The Federal Labor Relations Authority (FLRA) is an independent agency of the U.S. government. It was established by Reorganization Plan No. 2 of 1978, with its duties and authorities specified in title VII of the Civil Service Reform Act of 1978, often referred to as the Federal Service Labor-Management Relations Statute. The purpose of the FLRA is to provide a collective bargaining framework for various classifications of federal service workers. As a result the FLRA is involved in virtually every aspect of the labor-management relationship that exists between the federal government and many of its workers. The FLRA is also charged with overseeing labor unions representing federal employees and any federal agency activity associated with labor relations. Twenty years after its establishment, the FLRA administers labor-management programs for approximately 2.1 million nonpostal federal employees, including federal workers assigned outside of the country. Incorporated in this figure are the 1.3 million employees represented by more than 2,200 bargaining units.
The FLRA is divided into three offices: the Authority, the Office of the General Counsel, and the Federal Service Impasses Panel. The offices operate independently of one another, making the FLRA "three agencies consolidated in one."
The Authority is a quasi-judicial body whose three full-time members are appointed by the president with the advice and consent of the Senate. One member is named by the president to be the chair of the Authority. This appointee also serves as the chief executive and administrative officer of the FLRA. The Authority has numerous responsibilities but its most important is hearing appeals to decisions made by the general counsel. These decisions deal with collective bargaining agreement proposals, unfair labor practices, unfair representation petitions, and exceptions to grievance arbitration awards. The Authority also advises federal agencies and unions of their statute rights and responsibilities and promotes cooperative relationships in an effort to prevent disputes from reaching adjudication.
The general counsel is also appointed by the president with the advice and consent of the Senate and is responsible for managing and overseeing the Office of the General Counsel (OGC) and the FLRA's seven regional offices. The OGC is responsible for inquiring into and settling unfair labor practice complaints. When necessary, complaints are prosecuted, but as a case proceeds all efforts are made to encourage a settlement by employing various dispute resolution procedures. When a regional director declines to act on an unfair labor practice complaint, that decision is automatically reviewed by the OGC.
The Federal Service Impasses Panel (FSIP) is composed of seven part time presidential appointees. The FSIP is responsible for resolving impasses that occur between a federal agency and a union emanating from talks related to conditions of employment covered by the Federal Service Labor Management Relations Statute, the Federal Employees Flexible and Compressed Work Schedules Act, and the Panama Canal Act of 1979. The FSIP has the authority to resolve impasses when bargaining and mediation fail.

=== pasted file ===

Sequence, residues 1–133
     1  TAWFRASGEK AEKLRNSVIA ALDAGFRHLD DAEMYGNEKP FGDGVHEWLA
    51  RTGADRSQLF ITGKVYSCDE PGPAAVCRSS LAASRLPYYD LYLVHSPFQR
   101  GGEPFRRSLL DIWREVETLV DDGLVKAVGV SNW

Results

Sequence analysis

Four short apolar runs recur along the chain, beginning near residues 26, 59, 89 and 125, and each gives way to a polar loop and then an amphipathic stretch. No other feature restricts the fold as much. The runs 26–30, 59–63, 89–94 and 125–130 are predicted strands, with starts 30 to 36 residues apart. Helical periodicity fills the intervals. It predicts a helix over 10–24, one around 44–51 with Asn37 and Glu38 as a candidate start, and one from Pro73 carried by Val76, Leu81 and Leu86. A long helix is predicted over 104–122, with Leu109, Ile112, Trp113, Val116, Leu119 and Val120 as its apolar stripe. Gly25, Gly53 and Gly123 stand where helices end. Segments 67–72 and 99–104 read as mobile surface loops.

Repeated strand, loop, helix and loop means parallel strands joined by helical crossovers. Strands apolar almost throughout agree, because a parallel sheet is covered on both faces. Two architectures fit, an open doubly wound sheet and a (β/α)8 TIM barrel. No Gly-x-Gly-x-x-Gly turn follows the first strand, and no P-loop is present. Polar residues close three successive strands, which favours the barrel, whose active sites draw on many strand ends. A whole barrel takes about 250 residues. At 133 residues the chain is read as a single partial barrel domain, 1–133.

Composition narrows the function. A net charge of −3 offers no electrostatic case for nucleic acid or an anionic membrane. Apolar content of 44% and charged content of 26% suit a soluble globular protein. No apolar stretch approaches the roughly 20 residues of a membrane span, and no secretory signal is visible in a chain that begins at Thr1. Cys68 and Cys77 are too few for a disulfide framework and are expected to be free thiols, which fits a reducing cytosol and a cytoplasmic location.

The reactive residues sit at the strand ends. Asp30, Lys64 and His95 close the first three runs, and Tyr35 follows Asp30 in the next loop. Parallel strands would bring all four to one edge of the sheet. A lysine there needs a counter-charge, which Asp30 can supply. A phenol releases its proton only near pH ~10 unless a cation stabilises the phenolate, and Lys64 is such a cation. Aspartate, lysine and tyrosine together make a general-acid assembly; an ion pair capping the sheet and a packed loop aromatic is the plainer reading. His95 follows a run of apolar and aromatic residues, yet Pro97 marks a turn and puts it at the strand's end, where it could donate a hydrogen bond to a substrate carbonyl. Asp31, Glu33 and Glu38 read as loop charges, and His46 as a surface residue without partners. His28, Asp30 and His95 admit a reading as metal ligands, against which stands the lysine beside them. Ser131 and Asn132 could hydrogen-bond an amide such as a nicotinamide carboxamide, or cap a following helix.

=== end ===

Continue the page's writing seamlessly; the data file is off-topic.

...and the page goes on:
The FSIP also has authority over U.S. Foreign Service workers by providing support for the Foreign Service Impasse Disputes Panel (FSIDP). Created under the authority of the Foreign Services Act of 1980 the FSIDP resolves deadlocks between federal agencies and Foreign Service workers employed by the U.S. Information Agency, the Agency for International Development, and the Departments of Agriculture, Commerce, and State. The Foreign Service Act of 1980 also created the Foreign Service Labor Relations Board which administers labor-management relation agendas for Foreign Service employees of the above agencies and departments.
The FLRA is committed to programs of alternative dispute resolution with the aim of reducing labor-management friction and strife. As mentioned above, both the Office of the General Counsel and the Federal Service Impasses Panel have alternative dispute resolution procedures. In addition, the FLRA has the Collaboration and Alternative Dispute Resolution Program (CADR) and the Office of Administrative Law Judges. Begun in 1996 the CADR is an agency-wide program which develops and provides a framework for labor-management cooperation and alternative dispute resolution procedures. The Office of Administrative Law Judges is responsible for the Unfair Labor Practice Trial Settlement Project, which fosters "the efficient and voluntary settlement of unfair labor practice complaints." Before a complaint is adjudicated, a judge or settlement attorney is assigned by the chief administrative law judge to conduct settlement negotiations in hopes of avoiding a trial.
[ Michael Knes ]
Federal Labor Relations Authority. "Federal Labor Relations Authority: FLRA." Washington: Federal Labor Relations Authority, 1998. Available from www.flra.gov .
Ingraham, Patricia W., and David H. Rosenbloom. The Promise and Paradox of Civil Service Reform. Pittsburgh: University of Pittsburgh Press, 1992.